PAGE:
— The Boy Scout and Other Stories for Boys • Richard Harding Davis

... either their restoration or confiscation. They were given to the people to be rifled, that, having been polluted as it were by participation in the royal plunder, they might lose forever all hopes of reconciliation with the Tarquins. A field belonging to the latter, which lay between the city and the Tiber, having been consecrated to Mars, was afterward called the Campus Martius. It is said that there was by chance, at that time, a crop of corn upon it ripe for harvest; this produce of the field, as they thought it unlawful to use it, after ...
— Roman History, Books I-III • Titus Livius

... sufficiently into harmony about me to render a composite verdict that I would be a fair publishing risk; but how the title my poor parent had given me it was unanimously held wouldn't do at all; and how I got another in book committee meeting; how, after I was (wonderful thing!) "accepted," I lay in a safe until I thought I should crumble away with age; and how I was suddenly brought forth and hastily read by the manufacturing department for ideas for my cover to be, and then by the advertising department for ...
— Walking-Stick Papers • Robert Cortes Holliday

... February the English had reorganized their fleet and Blake took the sea with another famous Roundhead soldier, Monk, as one of his divisional commanders. At this time Tromp lay off Land's End waiting for the Dutch merchant fleet which he expected to convoy to Holland. On the 18th the two forces sighted each other about 15 miles off Portland. Then followed the "Three Days' Battle," or the battle of Portland, one of the most stubbornly ...
— A History of Sea Power • William Oliver Stevens and Allan Westcott

... definitely as she could have spoken it. It was not resentment with her, but disapproval; though less sweet-natured women might have resented where she was no more than disappointed. Her disappointment lay in that this man she had taken to mould, refused to be moulded. To a certain extent she had found his clay plastic, then it had developed stubbornness, declining to be shaped in the image of her father ...
— Martin Eden • Jack London

... lost both legs, lay upon the ground weltering in his blood, quietly smoking his pipe. An Austrian general galloping by held in his horse and looked in amazement at the soldier. "How is it possible, comrade," said he, "that in your fearful condition you can smoke? Death ...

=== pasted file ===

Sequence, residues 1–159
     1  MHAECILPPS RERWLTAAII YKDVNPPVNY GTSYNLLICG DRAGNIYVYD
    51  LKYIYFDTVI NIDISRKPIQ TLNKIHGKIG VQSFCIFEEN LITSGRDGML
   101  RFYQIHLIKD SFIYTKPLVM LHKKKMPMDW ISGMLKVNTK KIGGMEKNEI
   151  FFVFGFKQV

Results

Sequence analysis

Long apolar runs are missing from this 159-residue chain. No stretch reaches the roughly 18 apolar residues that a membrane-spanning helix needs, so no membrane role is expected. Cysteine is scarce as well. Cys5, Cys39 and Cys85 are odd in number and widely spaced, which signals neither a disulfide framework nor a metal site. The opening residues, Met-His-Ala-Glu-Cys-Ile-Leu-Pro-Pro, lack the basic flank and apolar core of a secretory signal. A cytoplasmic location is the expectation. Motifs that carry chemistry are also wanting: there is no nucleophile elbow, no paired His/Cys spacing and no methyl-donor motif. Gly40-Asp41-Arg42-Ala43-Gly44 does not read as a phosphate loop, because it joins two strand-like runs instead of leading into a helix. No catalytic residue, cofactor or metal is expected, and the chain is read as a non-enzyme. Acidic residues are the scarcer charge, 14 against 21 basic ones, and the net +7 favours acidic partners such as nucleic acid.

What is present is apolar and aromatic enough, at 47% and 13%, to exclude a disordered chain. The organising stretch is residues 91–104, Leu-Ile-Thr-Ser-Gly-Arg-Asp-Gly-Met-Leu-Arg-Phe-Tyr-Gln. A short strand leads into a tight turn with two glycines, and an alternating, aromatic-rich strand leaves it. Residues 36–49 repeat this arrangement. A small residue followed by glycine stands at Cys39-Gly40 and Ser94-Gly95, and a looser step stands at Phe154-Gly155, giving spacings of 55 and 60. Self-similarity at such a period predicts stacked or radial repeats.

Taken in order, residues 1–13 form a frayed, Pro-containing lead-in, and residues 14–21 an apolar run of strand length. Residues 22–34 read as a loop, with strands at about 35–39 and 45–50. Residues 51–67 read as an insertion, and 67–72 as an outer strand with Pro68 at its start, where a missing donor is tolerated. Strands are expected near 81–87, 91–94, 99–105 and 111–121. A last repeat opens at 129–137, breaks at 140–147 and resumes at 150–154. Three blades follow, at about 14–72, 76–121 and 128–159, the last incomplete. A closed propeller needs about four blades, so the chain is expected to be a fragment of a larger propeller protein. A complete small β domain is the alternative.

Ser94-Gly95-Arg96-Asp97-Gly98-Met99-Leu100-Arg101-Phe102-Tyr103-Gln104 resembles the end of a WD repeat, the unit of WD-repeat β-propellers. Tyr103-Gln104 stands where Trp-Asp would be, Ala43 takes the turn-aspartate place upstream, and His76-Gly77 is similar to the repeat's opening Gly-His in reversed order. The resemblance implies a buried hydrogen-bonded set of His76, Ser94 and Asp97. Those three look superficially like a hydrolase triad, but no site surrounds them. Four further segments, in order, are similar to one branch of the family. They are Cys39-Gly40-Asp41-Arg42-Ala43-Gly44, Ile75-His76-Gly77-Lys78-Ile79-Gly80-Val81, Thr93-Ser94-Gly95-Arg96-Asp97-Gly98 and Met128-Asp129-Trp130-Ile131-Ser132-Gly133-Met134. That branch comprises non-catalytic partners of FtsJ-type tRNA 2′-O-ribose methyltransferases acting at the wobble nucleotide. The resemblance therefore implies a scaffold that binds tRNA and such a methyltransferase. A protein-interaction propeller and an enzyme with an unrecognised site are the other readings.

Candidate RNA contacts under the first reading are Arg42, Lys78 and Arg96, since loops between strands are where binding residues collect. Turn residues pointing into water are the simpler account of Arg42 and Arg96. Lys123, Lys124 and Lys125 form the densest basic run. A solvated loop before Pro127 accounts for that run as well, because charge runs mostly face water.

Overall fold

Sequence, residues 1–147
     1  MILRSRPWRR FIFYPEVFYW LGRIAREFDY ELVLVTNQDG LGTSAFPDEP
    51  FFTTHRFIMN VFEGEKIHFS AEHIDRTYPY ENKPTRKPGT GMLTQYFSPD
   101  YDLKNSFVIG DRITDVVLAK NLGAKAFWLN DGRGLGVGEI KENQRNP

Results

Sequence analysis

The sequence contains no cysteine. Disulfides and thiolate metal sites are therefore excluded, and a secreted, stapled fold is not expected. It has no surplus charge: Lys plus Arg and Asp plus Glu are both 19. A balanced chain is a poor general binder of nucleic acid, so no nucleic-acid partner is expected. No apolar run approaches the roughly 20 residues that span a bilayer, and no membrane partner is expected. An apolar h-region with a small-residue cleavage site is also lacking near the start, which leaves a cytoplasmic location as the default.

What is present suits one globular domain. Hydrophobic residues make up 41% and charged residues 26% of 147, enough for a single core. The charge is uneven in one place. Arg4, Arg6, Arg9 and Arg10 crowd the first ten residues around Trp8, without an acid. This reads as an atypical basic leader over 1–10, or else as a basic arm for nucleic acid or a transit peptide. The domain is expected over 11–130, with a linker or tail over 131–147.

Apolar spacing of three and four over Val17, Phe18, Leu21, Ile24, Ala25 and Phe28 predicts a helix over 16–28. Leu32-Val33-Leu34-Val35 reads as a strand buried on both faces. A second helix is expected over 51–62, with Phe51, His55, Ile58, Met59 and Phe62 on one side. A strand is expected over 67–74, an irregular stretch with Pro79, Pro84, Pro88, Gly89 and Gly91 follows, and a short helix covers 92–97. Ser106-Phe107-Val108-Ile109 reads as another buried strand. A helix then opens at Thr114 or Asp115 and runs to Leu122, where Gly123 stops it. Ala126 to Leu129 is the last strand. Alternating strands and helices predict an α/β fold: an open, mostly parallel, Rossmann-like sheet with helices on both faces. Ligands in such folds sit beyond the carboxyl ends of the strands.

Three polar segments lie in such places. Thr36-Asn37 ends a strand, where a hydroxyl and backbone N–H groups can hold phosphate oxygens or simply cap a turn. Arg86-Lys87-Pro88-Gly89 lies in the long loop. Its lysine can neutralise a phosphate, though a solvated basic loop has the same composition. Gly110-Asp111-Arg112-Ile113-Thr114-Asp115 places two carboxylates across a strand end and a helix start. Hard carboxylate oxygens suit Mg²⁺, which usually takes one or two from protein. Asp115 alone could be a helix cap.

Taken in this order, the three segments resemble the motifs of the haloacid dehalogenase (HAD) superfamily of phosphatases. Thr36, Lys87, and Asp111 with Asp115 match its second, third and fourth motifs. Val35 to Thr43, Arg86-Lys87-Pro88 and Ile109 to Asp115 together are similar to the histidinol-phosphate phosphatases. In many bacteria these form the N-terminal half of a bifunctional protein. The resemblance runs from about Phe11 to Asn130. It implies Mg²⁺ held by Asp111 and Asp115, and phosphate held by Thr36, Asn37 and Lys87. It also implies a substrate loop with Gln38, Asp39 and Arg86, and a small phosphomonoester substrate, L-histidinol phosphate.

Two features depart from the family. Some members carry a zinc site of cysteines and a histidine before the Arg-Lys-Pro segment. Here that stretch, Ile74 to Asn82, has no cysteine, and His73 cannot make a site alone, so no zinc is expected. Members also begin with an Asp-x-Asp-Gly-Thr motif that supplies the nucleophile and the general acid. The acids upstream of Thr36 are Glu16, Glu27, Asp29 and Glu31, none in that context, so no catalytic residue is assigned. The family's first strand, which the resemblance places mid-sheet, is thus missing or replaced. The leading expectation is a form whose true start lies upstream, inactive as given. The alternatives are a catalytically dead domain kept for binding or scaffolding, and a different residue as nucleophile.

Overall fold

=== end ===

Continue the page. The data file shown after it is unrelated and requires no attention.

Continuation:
— Frederick The Great and His Family • L. Muhlbach

... you cannot know what meed of shame Shall be their certain portion who pursue Pleasure "as usual" while their country's claim Is answered only by the gallant few. Come, then, betimes, and on her altar lay ...
— Punch or the London Charivari, Vol. 147, November 11, 1914 • Various

... she advanced to the edge of the stream, picked her way cleverly across it on the stones, and, leaping lightly to the bank, stood looking down at Langdon, who had ceased his contortions and now lay flat on his back, gazing skyward, a grin on ...
— The Gay Rebellion • Robert W. Chambers

... faces glowed and their eyes burned; and the tears came and flowed down their cheeks and their forms began to sway unconsciously to the swing of the song, and their bosoms to heave and pant; and moanings broke out, and deep ejaculations; and when the last verse was reached, and Roland lay dying, all alone, with his face to the field and to his slain, lying there in heaps and winrows, and took off and held up his gauntlet to God with his failing hand, and breathed his beautiful prayer with his paling pips, all burst out in sobs and wailings. But when the final ...
— Personal Recollections of Joan of Arc - Volume 1 (of 2) • Mark Twain

... men sleeping around in their sheepskins or shaggy cloaks; the deep silence of the woods was only broken by a neighing horse or the bay of a hound, and presently the stars shone out from the vault of heaven with a lustre unknown in northern climes. We, too, lay down ensconced in a brake, the younger traveller disdaining any other wrapping than his plaid, and the elder luxuriously enveloped in a couple of blankets which formed part of his equipments, having his saddle for a pillow. With sound sleep, the ...
— Rambles in the Islands of Corsica and Sardinia - with Notices of their History, Antiquities, and Present Condition. • Thomas Forester

... curate entered into an abode of misery and sorrow, which would require a far more touching pen than ours to describe. A poor widow sat upon the edge of a little truckle bed with the head of one of her children on her lap; another lay in the same bed silent and feeble, and looking evidently ill. Mr. Clement remembered to have seen the boy whom she supported, not long before playing about the cottage, his rosy cheeks heightened into a glow of health and beauty by the exercise, and ...